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Architect Alexandra Barker of Gowanus-based Barker Associates Architecture Office (BAAO) made a semi-attached brick rowhouse into something quite special with an arsenal of carefully considered design details. Among them: the unusual treatment of a beamed ceiling on the garden level, flat arch doors leading to a walk-out backyard, and new baths with appointments a few cuts above the norm.
The house hadn’t been updated in fifty years when new owners, a couple with three kids, called on Barker’s firm to do a gut renovation of the three-story building.
The lower level is only a step below grade and has a few windows on the side. “There was plenty of light and the floor-to-ceiling height wasn’t that different from the upper floors,” Barker said. “They liked the idea of connecting to the backyard and wanted indoor-outdoor flow, so we decided to put the main living space on that level.”
The kitchen is central, with the dining room at the front and a home office in a ‘bonus’ space Barker called an old garage (though it’s not actually big enough for a car) attached to the side of the house.
The parlor floor, which has attractive vintage door and window moldings and a fireplace original to the house, became a master suite, with a sitting room in front, a bedroom at the rear and a luxurious bath. Three children’s bedrooms and two baths occupy the top floor.
All the baths and the kitchen have faucets and related hardware from Watermark, with which Barker’s clients have a professional relationship.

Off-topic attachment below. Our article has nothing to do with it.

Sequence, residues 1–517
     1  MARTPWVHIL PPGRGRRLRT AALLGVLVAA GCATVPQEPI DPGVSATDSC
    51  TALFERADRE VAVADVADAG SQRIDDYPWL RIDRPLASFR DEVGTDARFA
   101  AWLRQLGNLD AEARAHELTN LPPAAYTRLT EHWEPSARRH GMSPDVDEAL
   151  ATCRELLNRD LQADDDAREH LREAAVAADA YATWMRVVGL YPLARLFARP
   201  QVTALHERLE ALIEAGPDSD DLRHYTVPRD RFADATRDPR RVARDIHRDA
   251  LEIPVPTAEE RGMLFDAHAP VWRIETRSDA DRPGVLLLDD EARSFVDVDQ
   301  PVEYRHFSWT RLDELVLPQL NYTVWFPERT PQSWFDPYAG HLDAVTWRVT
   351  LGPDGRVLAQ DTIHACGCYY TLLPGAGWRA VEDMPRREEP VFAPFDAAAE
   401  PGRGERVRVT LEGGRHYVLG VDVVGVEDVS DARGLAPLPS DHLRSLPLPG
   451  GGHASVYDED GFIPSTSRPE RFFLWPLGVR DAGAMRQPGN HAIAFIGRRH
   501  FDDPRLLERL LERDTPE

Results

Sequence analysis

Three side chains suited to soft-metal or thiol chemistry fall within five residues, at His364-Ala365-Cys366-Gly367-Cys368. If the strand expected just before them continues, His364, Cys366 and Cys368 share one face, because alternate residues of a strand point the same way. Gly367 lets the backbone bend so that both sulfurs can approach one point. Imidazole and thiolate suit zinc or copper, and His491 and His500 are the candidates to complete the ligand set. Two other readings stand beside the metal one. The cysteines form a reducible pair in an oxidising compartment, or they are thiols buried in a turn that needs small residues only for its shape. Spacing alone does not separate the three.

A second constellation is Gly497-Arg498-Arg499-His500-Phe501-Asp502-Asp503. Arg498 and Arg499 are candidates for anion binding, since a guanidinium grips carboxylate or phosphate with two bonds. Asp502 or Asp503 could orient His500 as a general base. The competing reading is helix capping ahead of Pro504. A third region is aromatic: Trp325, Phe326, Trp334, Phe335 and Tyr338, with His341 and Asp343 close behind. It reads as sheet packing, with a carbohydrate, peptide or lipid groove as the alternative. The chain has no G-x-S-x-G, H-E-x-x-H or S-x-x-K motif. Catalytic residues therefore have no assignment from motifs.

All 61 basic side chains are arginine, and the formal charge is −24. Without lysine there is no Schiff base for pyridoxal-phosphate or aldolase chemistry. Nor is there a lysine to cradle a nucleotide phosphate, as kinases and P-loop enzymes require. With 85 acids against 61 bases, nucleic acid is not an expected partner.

BAAO designed the hardscaping in the backyard, which has a brick patio near the house and wide bluestone steps leading to a lawn.
Interior designer Ginette Dean consulted on finishes.
“To make the ceilings as high as possible, we exposed the beams and painted them black for graphic appeal,” the architect said.
BAAO wanted maximum kitchen functionality, “but didn’t want the whole downstairs to be storage, so we varied the materials,” Barker said. Custom cabinetry of painted wood and white oak are combined with an island made of porcelain from Porcelanosa and matching floor tiles laid in an unconventional pattern.
The rear wall of the house already had openings with a flat arch detail. One was a door and one (on the right) a window, which the architects pulled all the way down to the floor.
“We decided to be practical in the kitchen and drop the ceiling for better lighting placement, but we dropped it only where we needed to,” said Barker, leaving the beams exposed everywhere else.
Additional kitchen storage made of white oak extends discreetly into the rear living area.
A small home office and some pantry storage sit up a couple of steps in an existing addition at the side of the house.
The floor tile that meets the wood floor is, like the kitchen island, from Porcelanosa. “We wanted something easy to clean around the kitchen but didn’t want a hard-line boundary, so we stepped it here and at the downstairs entryway,” Barker said.
More custom millwork frames the TV and conceals a coffee station.
A tiny powder room off the downstairs living area has an unusual Steampunk-style sink and graphic black-and-white tile treatment.
Floor tile from NYC-based Brother Cement distinguishes the vestibule on what was once the most elegant floor in the house.
The front parlor, with its original pocket doors and mantelpiece, became a master sitting room.
The master bath has porcelain walls, a steam shower and freestanding tub, along with brass fittings from Watermark and “a lot of gadgets,” Barker said, including a small TV imbedded in the medicine cabinet above the sink.
A “Jack and Jack” bathroom with doors at both ends sits between the two boys’ rooms. As elsewhere in the house, Barker used ceramic tile in fun, out-of-the-ordinary ways.
Scalloped tiles, gold-tone hardware and a vaulted skylight add up to a spectacular bathroom for a young woman.
[Photos by Francis Dzikowski]
The Insider is Brownstoner’s weekly in-depth look at a notable interior design/renovation project, by design journalist Cara Greenberg. Find it here every Thursday morning.